Emissions Gap Report 2021: The Heat Is On – A World of Climate Promises Not Yet Delivered
Methane emissions are the second largest contributor to global warming. The gas has a global warming potential over 80 times that of carbon dioxide over a 20-year horizon.
- It contributes 31% of the net warming impact of all well-mixed green-house gas emissions.
- Anthropogenic methane emissions account for 60% of total methane emissions.
- However, methane has a shorter lifetime in the atmosphere than carbon dioxide: only twelve years, compared to up to hundreds. This means that cutting methane emissions can lower temperatures quickly.
Updated climate commitments ahead of COP26 summit fall far short, but net-zero pledges provide hope
• Latest UNEP Emissions Gap Report finds new and updated Nationally Determined Contributions only take 7.5% off predicted 2030 emissions, while 55% is needed to meet the 1.5°C Paris goal
• Latest climate promises for 2030 put the world on track for a temperature rise this century of at least 2.7°C
• Net-zero commitments could shave off another 0.5°C, if these pledges were made robust and if 2030 promises were made consistent with the net-zero commitments
New and updated climate commitments fall far short of what is needed to meet the goals of the Paris Agreement, leaving the world on track for a global temperature rise of at least 2.7°C this century, according to the UN Environment Programme’s (UNEP) latest Emissions Gap Report 2021: The Heat Is On launched 26 October .
The report, now in its 12th year, finds that countries’ updated Nationally Determined Contributions(NDCs) – and other commitments made for 2030 but not yet submitted in an updated NDC – only take an additional 7.5 per cent off predicted annual greenhouse gas emissions in 2030, compared to the previous round of commitments.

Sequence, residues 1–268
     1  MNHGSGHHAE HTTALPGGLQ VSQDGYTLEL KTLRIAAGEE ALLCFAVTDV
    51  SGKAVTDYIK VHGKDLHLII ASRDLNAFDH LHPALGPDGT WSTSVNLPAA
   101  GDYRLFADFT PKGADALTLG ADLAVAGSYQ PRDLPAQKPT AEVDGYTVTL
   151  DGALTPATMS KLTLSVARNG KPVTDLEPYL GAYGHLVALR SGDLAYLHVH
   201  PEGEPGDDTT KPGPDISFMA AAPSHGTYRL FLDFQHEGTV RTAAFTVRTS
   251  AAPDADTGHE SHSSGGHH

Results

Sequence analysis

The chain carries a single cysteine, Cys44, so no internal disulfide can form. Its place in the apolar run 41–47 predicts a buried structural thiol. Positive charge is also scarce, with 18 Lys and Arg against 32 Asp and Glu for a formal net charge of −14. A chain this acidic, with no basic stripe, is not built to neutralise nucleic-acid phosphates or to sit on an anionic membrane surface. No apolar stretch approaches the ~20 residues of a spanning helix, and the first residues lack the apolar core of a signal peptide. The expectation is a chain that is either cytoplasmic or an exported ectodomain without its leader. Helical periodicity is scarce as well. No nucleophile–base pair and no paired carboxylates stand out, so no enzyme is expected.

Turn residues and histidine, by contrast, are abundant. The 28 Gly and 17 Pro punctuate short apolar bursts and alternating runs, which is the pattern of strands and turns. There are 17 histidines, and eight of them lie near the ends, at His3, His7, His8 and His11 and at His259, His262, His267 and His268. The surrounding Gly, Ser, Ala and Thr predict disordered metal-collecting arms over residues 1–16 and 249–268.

- Reductions of 30 per cent are needed to stay on the least-cost pathway for 2°C and 55 per cent for 1.5°C.
Released ahead of the UN Climate Change Conference (COP26), the latest round of climate talks taking place in Glasgow, the report finds that net-zero pledges could make a big difference.
If fully implemented, these pledges could bring the predicted global temperature rise to 2.2°C, providing hope that further action could still head off the most-catastrophic impacts of climate change. However, netzero pledges are still vague, incomplete in many cases, and inconsistent with most 2030 NDCs.
“Climate change is no longer a future problem. It is a now problem,” said Inger Andersen, Executive Director of UNEP. “To stand a chance of limiting global warming to 1.5°C, we have eight years to almost halve greenhouse gas emissions: eight years to make the plans, put in place the policies, implement them and ultimately deliver the cuts. The clock is ticking loudly.”
As of 30 September 2021, 120 countries, representing just over half of global greenhouse gas emissions, had communicated new or updated NDCs. In addition, three G20 members have announced other new mitigation pledges for 2030.
- To have any chance of limiting global warming to 1.5°C, the world has eight years to take an additional 28 gigatonnes of CO2 equivalent (GtCO2e) off annual emissions, over and above what is promised in the updated NDCs and other 2030 commitments. To put this number into perspective, carbon dioxide emissions alone are expected to reach 33 gigatonnes in 2021.
The Emissions Gap Report 2021 shows that new national climate pledges combined with other mitigation measures put the world on track for a global temperature rise of 2.7°C by the end of the century. That is well above the goals of the Paris climate agreement and would lead to catastrophic changes in the Earth’s climate.
To keep global warming below 1.5°C this century, the aspirational goal of the Paris Agreement, the world needs to halve annual greenhouse gas emissions in the next eight years.
If implemented effectively, net-zero emissions pledges could limit warming to 2.2°C, closer to the well-below 2°C goal of the Paris Agreement. However, many national climate plans delay action until after 2030. The reduction of methane emissions from the fossil fuel, waste and agriculture sectors could help close the emissions gap and reduce warming in the short term, the report finds.
Carbon markets could also help slash emissions. But that would only happen if rules are clearly defined and target actual reductions in emissions, while being supported by arrangements to track progress and provide transparency.
- Emissions Gap Report 2021: The Heat Is On – A World of Climate Promises Not Yet Delivered
- About the report
- Key messages
- Methane Factsheet
- Net-Zero factsheet
- Market mechanism factsheet
Sources used : UNEP;